Managing Diabetic Patients on Dialysis: The Nurse and Practitioners Role in Multidisciplinary Team Essentials 

Submitted by Dr. Gary D. Goldberg, PhD

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Managing Diabetic Patients on Dialysis: The Nurse and Practitioners Role in Multidisciplinary Team Essentials 

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Diabetic patients on dialysis -  

The chronic state of diabetes mellitus (DM) mainly type II, is an increasingly common cause of end stage renal disease (ESRD) in all countries, accounting for 51% of dialysis patients in the U.S. and 39% in Europe. [1]  Patient survival is much worse than for non-diabetic patients, with a large proportion of patients dying within the first 3 months of dialysis (excluded from USRDS data).   See:  Hypertension, dialysis and clinical nephrology at [2]   In North America, chronic diabetes (e.g., poorly controlled), has shown as a major cause of death associated with cardiovascular diseases. [3]  Usually the outcome is better for transplanted patients. 

Many of the non-renal complications of diabetes will continue to progress after initiation of dialysis, including: 

  • coronary artery disease
  • Retinopathy
  • Cataracts
  • Cerebrovascular disease
  • Peripheral vascular disease
  • Neuropathy
  • Autonomic dysfunction
  • Moreover, notable depression. 

Many times discussion is made on an individual basis, but continuous ambulatory peritoneal dialysis (CAPD) is frequently the preferred option.  There are advantages and disadvantages similar to other dialysis patients.  As a nurse or practitioner, you will learn the disadvantages of haemodialysis (HD) also; vascular instability and increased cardiac risk, difficulty creating vascular access, increased hypotension on dialysis, and an increased hypoglycaemia may accrue.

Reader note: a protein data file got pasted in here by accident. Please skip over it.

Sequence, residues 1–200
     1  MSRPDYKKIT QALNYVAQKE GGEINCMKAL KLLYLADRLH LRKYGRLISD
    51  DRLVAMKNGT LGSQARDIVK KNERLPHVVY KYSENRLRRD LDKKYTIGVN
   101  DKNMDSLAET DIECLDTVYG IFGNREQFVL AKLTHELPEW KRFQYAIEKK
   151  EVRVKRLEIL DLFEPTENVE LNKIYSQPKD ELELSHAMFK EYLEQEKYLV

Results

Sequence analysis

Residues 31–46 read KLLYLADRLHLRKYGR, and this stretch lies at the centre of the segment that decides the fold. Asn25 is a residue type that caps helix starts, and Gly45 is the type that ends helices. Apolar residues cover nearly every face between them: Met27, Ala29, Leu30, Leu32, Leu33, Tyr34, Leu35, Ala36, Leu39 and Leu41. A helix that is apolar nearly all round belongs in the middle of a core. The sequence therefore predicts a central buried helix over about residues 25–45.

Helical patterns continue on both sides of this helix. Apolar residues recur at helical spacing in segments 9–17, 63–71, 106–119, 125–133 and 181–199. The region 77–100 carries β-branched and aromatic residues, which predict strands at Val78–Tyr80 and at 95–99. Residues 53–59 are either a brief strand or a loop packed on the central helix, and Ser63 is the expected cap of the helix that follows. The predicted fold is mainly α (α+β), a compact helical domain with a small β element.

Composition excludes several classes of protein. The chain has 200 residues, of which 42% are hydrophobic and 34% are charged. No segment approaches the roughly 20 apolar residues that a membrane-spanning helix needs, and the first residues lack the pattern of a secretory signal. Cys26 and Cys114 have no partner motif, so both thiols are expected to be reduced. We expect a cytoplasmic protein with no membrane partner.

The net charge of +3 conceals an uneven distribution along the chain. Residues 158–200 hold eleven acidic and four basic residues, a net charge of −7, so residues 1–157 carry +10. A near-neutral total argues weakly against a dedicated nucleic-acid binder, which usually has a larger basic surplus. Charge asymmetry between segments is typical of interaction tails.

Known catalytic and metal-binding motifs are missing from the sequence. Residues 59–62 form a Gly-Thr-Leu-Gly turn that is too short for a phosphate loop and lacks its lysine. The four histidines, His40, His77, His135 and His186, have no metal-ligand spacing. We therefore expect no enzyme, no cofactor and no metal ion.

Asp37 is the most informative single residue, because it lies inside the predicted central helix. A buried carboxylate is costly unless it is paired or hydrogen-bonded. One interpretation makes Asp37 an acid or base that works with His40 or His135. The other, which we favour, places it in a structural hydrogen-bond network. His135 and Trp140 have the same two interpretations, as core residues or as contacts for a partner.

In addition, CAPD offers no cardiac instability or need for access, but increased glucose loads, weight gain and sometimes difficulties with diabetic control will accrue.  In some patients, visual disturbances may impair the ability to perform CAPD exchanges, but can usually be overcome.    In the outpatient clinic setting, the nurse can teach the patient proper techniques and waste handling.      

Approaching patients on haemodialysis -      

 Chronic renal failure affects every aspect of a person’s life.  Patients will experience complex physical, psychological, and social problems.  It can be very difficult to come to terms with receiving haemodialysis (HD) treatment three or four times each week.  Nurses and practitioners should be sensitive to the needs of patients and stresses caused by end stage renal disease (ESRD). 

The relationship between the nurse and patient will take on a unique role and will continue through several different treatments modalities.  The most important aspect in maintaining the trust between the nurse and the patient is developing a partnership in care.  It is essential that the nurse explains and discusses all aspects of HD treatment with the patient.  Without this involvement, patients can experience loss of control and increased dependence on the nursing staff.

Specific concerns experienced by patients on HD are often centered on: 

  • Cannulation problems –
  • Being cannulated by inexperienced nurses –
  • Complications during dialysis –